A Dog's Life

Cheri Kolstad is a certified dog behaviourist, dog groomer and trainer who lives in Penticton

There are many sizes of dogs, but I have a habit of slotting all of them into big dogs and little dogs.

It is disconcerting to approach a large dog and owner and see them boldly coming towards me with the intention of having a visit.

My dogs are not little, but they are much smaller than some of those I encounter.

I try to politely move away from their advances and rarely say anything until I realize the owners are not controlling their dog and are continuing to make a point of coming into my space.

I am forced to express a very straightforward statement that I have no intention of letting them come any closer.

For me, I am on a walk and have no desire to chance an aggressive encounter. It seems to me that the more a dog is encouraged and allowed to visit every dog they encounter the more the dog thinks it is required to make a point of going to any dog in the vicinity.

Do they really want to play or are they just doing what the owner expects them to do? Although a dog is perceived as friendly by their owner, not all dogs like each other, and putting them within each other’s bubble offers a chance of close encounters of the wrong kind.

Dogs, as people, don’t like or feel comfortable with everyone they meet. If the owner is looking for a place to play, maybe one of the local dog parks is where they should head to on their walks.

The very large dogs alarm me more than most. If I have a 15 to 30 pound dog and a 120 pound dog is being brought over to where I am walking, I am ready to run. Even when the owner says their dog is very friendly, I am still apprehensive.

It only takes a paw landing in the wrong place, a big jump, or a playful bite to ruin a day. A big dog getting their leash wrapped around the handler or the owner of the dog they are trying to get at, can be a major catastrophe. It is a difficult situation to get out of.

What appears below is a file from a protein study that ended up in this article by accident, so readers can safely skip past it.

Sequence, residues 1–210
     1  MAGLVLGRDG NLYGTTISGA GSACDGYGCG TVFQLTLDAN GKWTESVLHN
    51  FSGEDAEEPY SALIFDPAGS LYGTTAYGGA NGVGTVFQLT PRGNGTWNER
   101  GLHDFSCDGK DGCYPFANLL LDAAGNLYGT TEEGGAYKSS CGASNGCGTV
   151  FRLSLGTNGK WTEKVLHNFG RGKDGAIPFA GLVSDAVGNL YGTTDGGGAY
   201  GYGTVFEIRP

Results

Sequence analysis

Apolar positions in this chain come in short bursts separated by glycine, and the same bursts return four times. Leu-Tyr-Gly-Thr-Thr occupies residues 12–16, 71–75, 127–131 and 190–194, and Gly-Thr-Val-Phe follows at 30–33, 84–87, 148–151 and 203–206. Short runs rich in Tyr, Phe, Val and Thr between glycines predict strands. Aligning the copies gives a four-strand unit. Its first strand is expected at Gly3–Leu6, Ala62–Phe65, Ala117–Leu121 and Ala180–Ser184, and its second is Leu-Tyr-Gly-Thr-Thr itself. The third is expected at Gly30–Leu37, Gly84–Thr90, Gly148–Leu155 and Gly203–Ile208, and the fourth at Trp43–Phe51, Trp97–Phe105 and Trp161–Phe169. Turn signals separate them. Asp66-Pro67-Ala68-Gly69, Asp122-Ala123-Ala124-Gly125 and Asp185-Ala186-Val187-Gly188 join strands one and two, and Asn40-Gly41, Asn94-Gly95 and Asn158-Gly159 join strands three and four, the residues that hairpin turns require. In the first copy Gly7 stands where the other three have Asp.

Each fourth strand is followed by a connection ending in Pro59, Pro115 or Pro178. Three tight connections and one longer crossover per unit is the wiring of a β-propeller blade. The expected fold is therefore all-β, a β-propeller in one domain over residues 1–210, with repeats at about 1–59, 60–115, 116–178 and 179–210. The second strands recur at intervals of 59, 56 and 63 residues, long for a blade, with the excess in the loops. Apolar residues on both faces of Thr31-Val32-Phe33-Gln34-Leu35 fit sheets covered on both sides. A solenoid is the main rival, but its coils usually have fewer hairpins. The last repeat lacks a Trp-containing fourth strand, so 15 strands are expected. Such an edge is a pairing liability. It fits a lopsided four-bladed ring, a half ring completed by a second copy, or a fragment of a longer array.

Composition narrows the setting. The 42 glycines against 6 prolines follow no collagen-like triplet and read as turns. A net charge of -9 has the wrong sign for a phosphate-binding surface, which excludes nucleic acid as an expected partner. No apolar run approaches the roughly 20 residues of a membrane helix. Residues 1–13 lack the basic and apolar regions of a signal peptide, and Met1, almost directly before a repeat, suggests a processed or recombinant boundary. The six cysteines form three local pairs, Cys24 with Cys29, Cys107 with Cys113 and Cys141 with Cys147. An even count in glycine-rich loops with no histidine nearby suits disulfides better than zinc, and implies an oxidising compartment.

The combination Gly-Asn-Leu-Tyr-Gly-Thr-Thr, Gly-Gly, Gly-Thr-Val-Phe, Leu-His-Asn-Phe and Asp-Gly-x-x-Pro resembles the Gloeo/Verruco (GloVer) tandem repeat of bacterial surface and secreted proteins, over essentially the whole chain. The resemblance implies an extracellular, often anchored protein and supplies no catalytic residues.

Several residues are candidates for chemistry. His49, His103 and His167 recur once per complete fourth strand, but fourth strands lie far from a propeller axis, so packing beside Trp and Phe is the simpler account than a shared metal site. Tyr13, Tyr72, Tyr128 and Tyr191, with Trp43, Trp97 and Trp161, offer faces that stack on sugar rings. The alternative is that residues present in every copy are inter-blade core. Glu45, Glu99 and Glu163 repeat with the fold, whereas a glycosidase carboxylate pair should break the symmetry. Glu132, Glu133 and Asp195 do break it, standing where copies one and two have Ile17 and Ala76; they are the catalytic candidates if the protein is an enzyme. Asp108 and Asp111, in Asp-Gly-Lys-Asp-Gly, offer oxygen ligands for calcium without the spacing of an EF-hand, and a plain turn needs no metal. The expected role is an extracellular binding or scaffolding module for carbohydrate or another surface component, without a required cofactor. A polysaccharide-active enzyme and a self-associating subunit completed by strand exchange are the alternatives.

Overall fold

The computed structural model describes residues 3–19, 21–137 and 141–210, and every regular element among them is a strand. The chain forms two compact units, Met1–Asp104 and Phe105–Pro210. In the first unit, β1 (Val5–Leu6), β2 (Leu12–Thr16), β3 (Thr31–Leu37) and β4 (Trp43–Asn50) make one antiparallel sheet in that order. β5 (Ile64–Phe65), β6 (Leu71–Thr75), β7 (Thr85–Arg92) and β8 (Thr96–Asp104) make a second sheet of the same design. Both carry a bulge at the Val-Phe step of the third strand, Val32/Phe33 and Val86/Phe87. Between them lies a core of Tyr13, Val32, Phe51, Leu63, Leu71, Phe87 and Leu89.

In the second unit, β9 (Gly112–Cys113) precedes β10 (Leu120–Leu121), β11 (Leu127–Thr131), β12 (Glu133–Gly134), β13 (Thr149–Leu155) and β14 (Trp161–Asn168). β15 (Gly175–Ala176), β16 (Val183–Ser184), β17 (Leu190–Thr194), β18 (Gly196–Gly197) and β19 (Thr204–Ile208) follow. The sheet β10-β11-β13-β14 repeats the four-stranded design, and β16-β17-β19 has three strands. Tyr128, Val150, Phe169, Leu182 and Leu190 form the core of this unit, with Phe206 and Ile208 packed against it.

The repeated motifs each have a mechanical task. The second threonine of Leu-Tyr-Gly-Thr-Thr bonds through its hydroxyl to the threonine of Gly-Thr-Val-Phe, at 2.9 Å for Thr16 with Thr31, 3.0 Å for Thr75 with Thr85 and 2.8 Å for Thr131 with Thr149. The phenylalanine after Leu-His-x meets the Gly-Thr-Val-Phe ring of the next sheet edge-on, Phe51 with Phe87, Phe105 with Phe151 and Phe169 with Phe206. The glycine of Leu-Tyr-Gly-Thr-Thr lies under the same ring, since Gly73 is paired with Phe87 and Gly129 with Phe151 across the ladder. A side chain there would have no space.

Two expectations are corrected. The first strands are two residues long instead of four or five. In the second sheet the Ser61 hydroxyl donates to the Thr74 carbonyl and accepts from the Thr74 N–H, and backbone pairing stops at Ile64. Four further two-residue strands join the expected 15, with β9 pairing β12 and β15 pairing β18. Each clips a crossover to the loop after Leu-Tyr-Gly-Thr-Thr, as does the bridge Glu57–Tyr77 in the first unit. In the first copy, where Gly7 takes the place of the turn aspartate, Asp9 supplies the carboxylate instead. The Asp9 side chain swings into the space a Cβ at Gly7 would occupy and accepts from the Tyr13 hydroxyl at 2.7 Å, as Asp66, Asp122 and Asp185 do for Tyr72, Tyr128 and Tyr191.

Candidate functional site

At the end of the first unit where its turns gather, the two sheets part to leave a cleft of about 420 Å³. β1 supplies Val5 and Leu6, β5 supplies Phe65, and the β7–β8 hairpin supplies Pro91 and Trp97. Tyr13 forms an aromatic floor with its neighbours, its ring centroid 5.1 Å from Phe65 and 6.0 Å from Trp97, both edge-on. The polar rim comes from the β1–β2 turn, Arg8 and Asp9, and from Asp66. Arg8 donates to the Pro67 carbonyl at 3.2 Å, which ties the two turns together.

If I see that big dog pulling on their leash to approach me, I see an owner that is not in control. If the dog is panting or getting very excited about the prospect of reaching me, I don’t see a safe situation.

For the owners of big dogs, they chose to have a big dog, it makes them feel right to have such a large animal to walk with, but they need to understand that most people don’t want to socialize with them.

I worry for the very small dog owners that feel threatened as a large dog approaches and they quickly pick up their little pet to wrap their arms around. The result is often owners yelling, dogs jumping and a very intimidated small dog owner who doesn’t care about making friends.

Most dog owners are not interested in having a play time with a large dog. Dogs can annoy each other. Large dogs not understand how to play when their sizes are so different, and feel frustrated and confused at the quick footed and barking small dog.

Not only people can become annoyed with a yapping little dog racing in circles.

So maybe initially, if a large dog owner could find suitable friends for their dog to visit and steer clear of inviting their dog to visit the smaller dogs, they might find that a large dog will eventually be better received by everyone.

Cheri Kolstad is a certified dog behaviourist, dog groomer and trainer who lives in Penticton